J: I hit play on the special features out of desperation to understand what the hell was going on at the end of the movie. It is infuriatingly unsatisfying.

[everyone watches Terminator 2]

M: Right.

[Sarah Conner pulls some sh*t]

M: [laughs]

Mmm corn syrup. Tasty, tasty corn syrup.
J: The worst part of all of this is that we were looking forward - so much - to this movie, that it was almost inevitably not going to be as good as we hoped.

M: On that note, where does BWAB go from here?

J: We've actually had a couple recommendations, including a show about a cranky, alcoholic bookshop owner and an old movie with James MacAvoy that I've been meaning to see for ages. We may attempt one of those!

M: Or both of those! Any closing thoughts about the film, Jenna?

J: I did really like the actors and the way they portrayed the characters, even when they made really stupid horror-movie decisions. And I would certainly watch more movies in the "Irish horror film" genre, provided we can find some.

M: It has been good so far. Grabbers was especially entertaining. But this one really wasn't all that bad, all things considered.

J: Not at all, just more "art-house" than I was expecting.

["Come with me if you want to live."]

[Terminator 2 continues]

M2: Now it gets all slow. I kinda just wanna see some sh*t get wild.

[More Terminator 2]

M2: I could do without this.

J: We've only got 10 minutes till Jimmy Fallon. We've gotta wrap this up!

M: I'm so glad you remembered!

J: Bottom line, the brogue was great, the movie was thought-provoking and pretty frightening.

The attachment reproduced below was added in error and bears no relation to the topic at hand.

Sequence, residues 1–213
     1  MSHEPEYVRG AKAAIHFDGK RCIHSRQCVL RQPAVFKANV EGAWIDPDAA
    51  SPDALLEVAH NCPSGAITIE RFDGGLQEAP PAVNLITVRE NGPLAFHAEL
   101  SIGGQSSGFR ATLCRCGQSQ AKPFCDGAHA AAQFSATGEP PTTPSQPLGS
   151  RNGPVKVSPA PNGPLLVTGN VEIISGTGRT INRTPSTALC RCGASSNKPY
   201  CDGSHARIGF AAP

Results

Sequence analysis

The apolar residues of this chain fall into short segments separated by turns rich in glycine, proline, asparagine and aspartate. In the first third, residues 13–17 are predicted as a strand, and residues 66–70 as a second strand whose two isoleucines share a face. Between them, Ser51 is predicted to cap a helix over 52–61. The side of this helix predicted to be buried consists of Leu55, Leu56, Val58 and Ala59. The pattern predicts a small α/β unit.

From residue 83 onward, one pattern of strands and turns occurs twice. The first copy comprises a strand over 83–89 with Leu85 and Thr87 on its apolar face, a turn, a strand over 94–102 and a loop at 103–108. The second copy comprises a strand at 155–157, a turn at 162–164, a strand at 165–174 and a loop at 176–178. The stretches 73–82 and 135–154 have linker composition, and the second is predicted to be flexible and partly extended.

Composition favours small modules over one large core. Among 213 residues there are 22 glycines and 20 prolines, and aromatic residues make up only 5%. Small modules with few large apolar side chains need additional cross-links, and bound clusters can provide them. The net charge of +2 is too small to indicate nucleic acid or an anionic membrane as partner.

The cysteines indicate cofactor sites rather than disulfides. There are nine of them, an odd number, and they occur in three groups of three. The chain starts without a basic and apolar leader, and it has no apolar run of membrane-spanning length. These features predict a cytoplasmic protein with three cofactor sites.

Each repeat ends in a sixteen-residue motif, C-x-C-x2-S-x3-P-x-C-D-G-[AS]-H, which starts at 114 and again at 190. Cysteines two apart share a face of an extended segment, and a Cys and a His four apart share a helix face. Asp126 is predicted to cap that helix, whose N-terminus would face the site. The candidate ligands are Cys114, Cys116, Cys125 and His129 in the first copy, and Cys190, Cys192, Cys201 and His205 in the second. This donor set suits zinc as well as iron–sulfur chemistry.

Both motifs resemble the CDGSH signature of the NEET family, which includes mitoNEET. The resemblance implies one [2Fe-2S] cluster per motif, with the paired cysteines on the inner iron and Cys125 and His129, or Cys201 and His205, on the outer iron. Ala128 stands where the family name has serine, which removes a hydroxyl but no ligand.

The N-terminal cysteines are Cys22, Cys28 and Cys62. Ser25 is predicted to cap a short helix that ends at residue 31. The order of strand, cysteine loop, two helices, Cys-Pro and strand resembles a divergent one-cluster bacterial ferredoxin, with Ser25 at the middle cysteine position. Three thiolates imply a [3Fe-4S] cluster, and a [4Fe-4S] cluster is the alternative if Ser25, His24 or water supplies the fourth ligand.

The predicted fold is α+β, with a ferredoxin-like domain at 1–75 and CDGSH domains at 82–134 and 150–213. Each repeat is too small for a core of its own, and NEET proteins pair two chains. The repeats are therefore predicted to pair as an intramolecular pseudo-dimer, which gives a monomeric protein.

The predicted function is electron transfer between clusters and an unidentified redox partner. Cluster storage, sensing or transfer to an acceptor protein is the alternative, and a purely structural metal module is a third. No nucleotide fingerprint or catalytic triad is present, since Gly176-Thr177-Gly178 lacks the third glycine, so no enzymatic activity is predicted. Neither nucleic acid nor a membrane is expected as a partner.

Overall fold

M: Branson was lovely. And creepy.

J: That smile... it's haunting me...

M: Until next time!

Do you want to live?

Friday, March 21, 2014

The Angels' Brogue

J: I'm just really tired of wine.

M: You should put that as the first line.

J: Already done, my friend. How's that pizza?

M: [thumbs up] Thumbs up!

J: So ages and ages ago, we watched this great movie called The Angels' Share. I keep wanting to type The Angles' Share, but that would be incorrect.

M: Like Hot Fuzz, where they call him Sargent Angle. I've only seen that movie a couple times. [sarcasm] Anyways!

J: The movie is definitely worth seeing and definitely not our usual fare. It started as a...

M: Insert lame synopsis here.

You're in trouble now, laddie.
J: BUT REALLY, it started as a heart-felt drama about a young guy from Scotland trying to turn his life around after he finds out that his girlfriend is pregnant. After nearly going back to jail, he ends up befriending his community service cohorts. At this point, the movie turns into...

M: A heist film?

J: Precisely. I couldn't believe the comedic turn of events, but...

M: But there we were, watching another heist film!

J: It didn't lose me. It was still really entertaining and still chock-full of seriously tough brogue.

We are friends!
M: We scoffed when we noticed the subtitles at the beginning, but shortly thereafter, it was extremely evident that they were absolutely necessary.

J: I was so ashamed.

[brief interlude in which we discuss the price of plane tickets to Chicago]

M: Anyways! Basically, this is a really excellent, very entertaining film with above-average brogue. I highly recommend it. Watch it with your mum. [shrugs]

J: Seriously, this is not for the faint of heart if you disdain subtitles.

M: Or Scottish people.

J: [dies] Seriously though, this is a fascinating... no, I don't want to say fascinating... dramatic... no, not dramatic... not educational...

M: You're reaching. C-cautionary? Maybe?

J: It's a look at Scotland.

M: Improbable? With kilts? Words, I'm just saying words now.

J: They do wear kilts!

M: They do indeed.

J: What I was trying to say is that it's one of the more thoroughly Scottish movies that we've watched.

M: [chokes on pizza] Coherent! I thought you were going to say it was one of the more coherent movies we've watched.

J: It held together pretty well, albeit in two very distinct pieces. But as you say, excellent movie, worth watching, and you get to learn a bit about whiskey too.

M: I thought it was scotch.

J: The end.